TWiV 632: Countering a miasma of anti-think

June 28, 2020

Daniel Griffin provides a clinical update on COVID-19, then we review SARS-CoV-2 infections in non-humans, vesicular stomatitis in Kansas horses, and answer listener questions.

Hosts: Vincent Racaniello, Dickson Despommier, Alan Dove, Kathy Spindler and Brianne Barker

Guests: Daniel Griffin and Chuck Knirsch

Click arrow to play
Download TWiV 632 (87 MB .mp3, 144 min)
Subscribe (free): iTunesGoogle PodcastsRSSemail

Become a patron of TWiV!

Links for this episode

Intro music is by Ronald Jenkees

Send your virology questions and comments to

Leave a Reply

Your email address will not be published. Required fields are marked *

12 comments on “TWiV 632: Countering a miasma of anti-think

  1. Markus Niederberger Jun 28, 2020

    On your complaint about hits being lower in the Non-SARS-CoV-2 stuff. I can only speak for myself, but the interview format just does not appeal to me. I LIKE the banter among your in-group.

  2. Steve Griffin Jun 28, 2020

    Hi Twivs
    I love listening to your show . In particular to how the treatment of covid patients has rapidly and successfully evolved. There seems though to be an elephant in the chat room. that is lets say a “black spot” . I am referring to the 1918 pandemic that truly had a second wave. Given the different ways a virus can evolve, what are the Twivs thoughts on how the next 12 months (& through the winter) will “pan out”?. I have a horrible feeling we are missing the bus right now on things we should be doing and preparing for. How do you define a second wave?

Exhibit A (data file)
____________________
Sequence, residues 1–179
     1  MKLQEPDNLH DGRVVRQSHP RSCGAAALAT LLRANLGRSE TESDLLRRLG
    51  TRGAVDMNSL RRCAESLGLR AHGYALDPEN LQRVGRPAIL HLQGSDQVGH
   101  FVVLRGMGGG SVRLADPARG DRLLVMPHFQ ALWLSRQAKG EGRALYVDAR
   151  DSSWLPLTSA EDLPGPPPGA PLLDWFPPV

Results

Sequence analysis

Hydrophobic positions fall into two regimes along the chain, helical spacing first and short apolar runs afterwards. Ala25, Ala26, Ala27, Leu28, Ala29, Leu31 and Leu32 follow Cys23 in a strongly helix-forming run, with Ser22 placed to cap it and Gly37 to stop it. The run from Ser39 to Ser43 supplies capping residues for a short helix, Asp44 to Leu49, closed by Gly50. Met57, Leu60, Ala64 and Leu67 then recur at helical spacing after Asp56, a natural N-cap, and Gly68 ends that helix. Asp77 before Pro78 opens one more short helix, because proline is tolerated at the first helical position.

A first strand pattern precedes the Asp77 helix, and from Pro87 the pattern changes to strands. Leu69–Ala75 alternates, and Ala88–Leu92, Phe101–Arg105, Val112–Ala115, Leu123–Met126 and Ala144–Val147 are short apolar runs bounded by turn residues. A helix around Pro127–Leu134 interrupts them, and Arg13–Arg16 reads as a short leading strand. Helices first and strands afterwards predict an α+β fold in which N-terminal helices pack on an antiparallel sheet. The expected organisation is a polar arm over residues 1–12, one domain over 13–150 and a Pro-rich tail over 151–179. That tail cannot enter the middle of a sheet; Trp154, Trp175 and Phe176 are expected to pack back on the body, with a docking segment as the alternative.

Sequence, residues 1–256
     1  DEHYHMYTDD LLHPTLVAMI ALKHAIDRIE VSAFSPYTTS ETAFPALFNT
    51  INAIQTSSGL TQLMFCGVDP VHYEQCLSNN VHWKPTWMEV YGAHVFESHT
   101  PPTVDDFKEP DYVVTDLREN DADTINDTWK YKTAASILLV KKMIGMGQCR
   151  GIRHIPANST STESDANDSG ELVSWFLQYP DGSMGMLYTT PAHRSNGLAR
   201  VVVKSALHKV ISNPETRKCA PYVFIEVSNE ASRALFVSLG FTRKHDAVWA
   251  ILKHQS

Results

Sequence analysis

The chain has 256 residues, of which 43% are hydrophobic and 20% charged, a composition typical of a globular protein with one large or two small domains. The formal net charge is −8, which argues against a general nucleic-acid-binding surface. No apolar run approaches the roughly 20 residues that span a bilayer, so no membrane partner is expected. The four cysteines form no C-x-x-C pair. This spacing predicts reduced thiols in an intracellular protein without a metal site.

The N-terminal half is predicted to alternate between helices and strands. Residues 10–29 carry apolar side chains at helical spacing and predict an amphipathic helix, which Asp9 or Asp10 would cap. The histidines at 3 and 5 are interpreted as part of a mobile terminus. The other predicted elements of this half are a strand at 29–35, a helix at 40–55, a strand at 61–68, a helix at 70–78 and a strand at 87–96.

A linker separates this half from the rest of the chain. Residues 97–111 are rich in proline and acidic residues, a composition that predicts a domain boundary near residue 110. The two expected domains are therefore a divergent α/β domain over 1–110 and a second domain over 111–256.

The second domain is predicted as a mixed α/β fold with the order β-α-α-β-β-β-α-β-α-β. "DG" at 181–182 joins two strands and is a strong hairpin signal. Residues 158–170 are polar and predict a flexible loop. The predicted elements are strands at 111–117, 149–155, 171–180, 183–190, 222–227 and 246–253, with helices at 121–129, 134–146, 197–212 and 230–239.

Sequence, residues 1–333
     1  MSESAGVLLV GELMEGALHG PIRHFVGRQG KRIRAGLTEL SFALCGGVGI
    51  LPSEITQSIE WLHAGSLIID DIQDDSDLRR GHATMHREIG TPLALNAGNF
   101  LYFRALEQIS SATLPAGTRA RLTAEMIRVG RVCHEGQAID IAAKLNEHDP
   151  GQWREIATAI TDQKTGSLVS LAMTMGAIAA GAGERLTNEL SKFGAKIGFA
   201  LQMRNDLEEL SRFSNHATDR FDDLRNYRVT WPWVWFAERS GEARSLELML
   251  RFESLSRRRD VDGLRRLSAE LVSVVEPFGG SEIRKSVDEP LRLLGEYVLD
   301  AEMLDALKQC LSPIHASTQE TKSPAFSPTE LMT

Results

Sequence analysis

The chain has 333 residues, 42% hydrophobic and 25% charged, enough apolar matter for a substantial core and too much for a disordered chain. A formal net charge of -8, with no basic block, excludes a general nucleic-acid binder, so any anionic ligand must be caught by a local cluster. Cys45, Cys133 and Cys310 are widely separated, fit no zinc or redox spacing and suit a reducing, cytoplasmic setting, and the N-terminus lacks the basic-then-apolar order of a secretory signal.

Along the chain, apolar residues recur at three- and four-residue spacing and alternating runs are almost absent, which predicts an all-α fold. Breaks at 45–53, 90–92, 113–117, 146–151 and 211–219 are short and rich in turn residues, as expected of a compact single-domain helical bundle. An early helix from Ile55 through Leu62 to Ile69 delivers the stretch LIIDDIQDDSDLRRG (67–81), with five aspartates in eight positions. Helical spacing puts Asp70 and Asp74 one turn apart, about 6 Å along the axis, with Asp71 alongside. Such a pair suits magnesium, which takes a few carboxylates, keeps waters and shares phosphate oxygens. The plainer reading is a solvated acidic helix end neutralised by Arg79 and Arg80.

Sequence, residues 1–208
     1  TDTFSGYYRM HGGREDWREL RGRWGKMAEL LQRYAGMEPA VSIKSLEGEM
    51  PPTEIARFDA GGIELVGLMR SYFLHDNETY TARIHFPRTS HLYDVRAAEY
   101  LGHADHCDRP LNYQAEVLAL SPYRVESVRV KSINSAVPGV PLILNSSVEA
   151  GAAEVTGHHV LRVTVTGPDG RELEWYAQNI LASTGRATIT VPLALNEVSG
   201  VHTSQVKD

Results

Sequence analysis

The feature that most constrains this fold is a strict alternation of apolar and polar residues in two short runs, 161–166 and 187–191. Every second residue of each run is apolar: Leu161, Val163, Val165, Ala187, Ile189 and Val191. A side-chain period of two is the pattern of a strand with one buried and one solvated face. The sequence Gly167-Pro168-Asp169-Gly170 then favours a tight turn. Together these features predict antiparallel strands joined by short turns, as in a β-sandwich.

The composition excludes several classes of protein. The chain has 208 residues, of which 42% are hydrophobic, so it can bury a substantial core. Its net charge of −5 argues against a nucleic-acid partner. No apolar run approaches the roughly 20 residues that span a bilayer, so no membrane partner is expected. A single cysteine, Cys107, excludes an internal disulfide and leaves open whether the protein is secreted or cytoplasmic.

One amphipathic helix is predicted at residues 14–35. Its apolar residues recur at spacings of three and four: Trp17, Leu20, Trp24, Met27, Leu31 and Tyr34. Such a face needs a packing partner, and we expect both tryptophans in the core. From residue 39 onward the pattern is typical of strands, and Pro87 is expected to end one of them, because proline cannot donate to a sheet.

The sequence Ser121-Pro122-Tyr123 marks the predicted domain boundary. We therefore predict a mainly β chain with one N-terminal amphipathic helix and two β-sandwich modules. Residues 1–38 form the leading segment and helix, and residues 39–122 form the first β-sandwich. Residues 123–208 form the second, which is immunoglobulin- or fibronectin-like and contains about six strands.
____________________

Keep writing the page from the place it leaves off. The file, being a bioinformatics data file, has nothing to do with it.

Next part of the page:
Cheers Guys

  3. Joern Jun 28, 2020

    I have a question about pool testing.

    As we reopen schools and offices, one of the main problems is speed. From infection to symptoms to test to test result can easily take three weeks. That means that an infected person can have several generations of “offspring” by the time of the positive test result.

    If we want to be faster, I think we have to test everyone once or twice a week, independent of symptoms. For acceptance it has to be a spit test, not a nasopharyngial swab. And to be economically feasible, it has to be a pool test.

    So the idea is to collect a spit sample from everyone in the building/institution once or twice a week, send the samples to a test lab and get a result stating whether anyone in the sample was positive or not. If everyone is negative, we can continue as-is. If there is a positive result, we only know that someone was positive, but not who precisely or how many people. The further response is a policy question for each institution. I am more interested in getting the information faster than by individual testing – and getting more people tested than are willing to take today’s “brain sample” approach.